Devon and Somerset Fire Service 'should not use reserves to avoid cuts'
- 30 May 2013
- From the section England
Devon and Somerset's fire service should not use its cash reserves to deal with £5.5m in cuts planned over two years, managers have said.
The service had £8.9m in reserves, a meeting of the Devon and Somerset Fire Authority heard.
The meeting was debating how to deal with 17.6% of cuts in income.
Cuts critics said reserves could help alleviate problems. Chief fire officer Lee Howell said using reserves would only provide a short-term solution.
'Longer response times'
The authority is having to deal with its grants being reduced by 10.3%, or £3.4m, for 2013, with a further 7.3% drop, £2.1m, due in 2014.
Proposed cost-cutting measures to deal with the loss included crewing of some engines being cut from full-time to on-call.
Other proposals included implementing changes in how the service responds to automatic fire alarms, reducing middle and senior managers and reducing support staff by at least 5% by not renewing some contracts.
Firefighters protested at the meeting at the service's headquarters in Exeter and other protesters said they did not understand why reserves could not be used.
Protester Susie Colley said: "If they have to spend some at the moment to ensure we're all safe in our cars and homes, then so be it.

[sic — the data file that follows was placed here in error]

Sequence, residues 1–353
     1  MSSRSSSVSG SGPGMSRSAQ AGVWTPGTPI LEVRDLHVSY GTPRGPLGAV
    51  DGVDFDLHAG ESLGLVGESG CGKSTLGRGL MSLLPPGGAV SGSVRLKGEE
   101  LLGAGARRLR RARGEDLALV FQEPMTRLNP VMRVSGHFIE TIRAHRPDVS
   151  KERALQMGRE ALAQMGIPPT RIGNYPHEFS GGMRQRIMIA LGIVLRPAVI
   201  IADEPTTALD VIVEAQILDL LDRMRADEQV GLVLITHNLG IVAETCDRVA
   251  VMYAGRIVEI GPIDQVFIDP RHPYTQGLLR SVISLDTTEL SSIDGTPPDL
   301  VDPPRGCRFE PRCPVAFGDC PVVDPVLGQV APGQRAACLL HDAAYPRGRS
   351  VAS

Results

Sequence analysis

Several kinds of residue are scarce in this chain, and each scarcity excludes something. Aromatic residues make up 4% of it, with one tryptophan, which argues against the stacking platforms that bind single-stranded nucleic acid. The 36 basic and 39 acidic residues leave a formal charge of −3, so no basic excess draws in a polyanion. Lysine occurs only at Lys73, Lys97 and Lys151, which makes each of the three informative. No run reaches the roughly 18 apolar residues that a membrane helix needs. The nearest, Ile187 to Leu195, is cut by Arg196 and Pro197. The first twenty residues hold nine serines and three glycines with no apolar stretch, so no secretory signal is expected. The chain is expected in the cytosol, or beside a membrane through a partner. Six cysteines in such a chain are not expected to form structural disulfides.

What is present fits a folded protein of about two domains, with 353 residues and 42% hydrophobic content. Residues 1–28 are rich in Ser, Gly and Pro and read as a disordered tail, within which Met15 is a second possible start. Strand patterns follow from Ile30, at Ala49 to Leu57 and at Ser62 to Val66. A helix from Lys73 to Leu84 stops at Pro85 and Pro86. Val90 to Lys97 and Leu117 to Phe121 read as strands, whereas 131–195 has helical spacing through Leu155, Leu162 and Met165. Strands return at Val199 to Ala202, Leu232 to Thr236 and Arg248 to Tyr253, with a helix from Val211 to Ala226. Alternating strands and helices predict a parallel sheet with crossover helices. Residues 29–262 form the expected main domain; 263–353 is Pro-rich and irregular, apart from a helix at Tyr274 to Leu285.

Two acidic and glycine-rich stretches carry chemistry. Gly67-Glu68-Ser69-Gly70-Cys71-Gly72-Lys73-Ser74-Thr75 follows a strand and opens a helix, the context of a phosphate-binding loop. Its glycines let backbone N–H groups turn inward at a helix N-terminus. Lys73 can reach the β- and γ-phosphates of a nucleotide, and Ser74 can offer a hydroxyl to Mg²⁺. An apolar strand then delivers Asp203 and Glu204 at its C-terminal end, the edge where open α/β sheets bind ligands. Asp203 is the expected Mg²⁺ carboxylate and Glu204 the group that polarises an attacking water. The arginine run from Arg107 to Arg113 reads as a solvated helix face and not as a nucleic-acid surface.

"I can't understand how they can cut as much they want to with that amount of money in the bank."
Bob Walker, of the Fire Brigades Union, said members were concerned lives could be put at risk if any cuts were implemented.
He said: "If you remove the pumps, there will not be the response there currently is, which means longer response times and more danger to the public and firefighters.
"We are asking that different proposals and a different approach are taken to see how we can make savings."
He said "reserves could and perhaps should be used".
But he added: "But the problem with reserves is that once it's gone, it's gone."
Chief officer Howell said the service was trying to deal with "a reduction in our income".
He said: "[Using reserves] is an option, so we could use part of that. But it would only bide us over for a short amount of time.
"The changes we're proposing are a long-term solution."
Fire chiefs added that lives would not be put at risk.
A final decision on the proposed cuts is due on 10 July.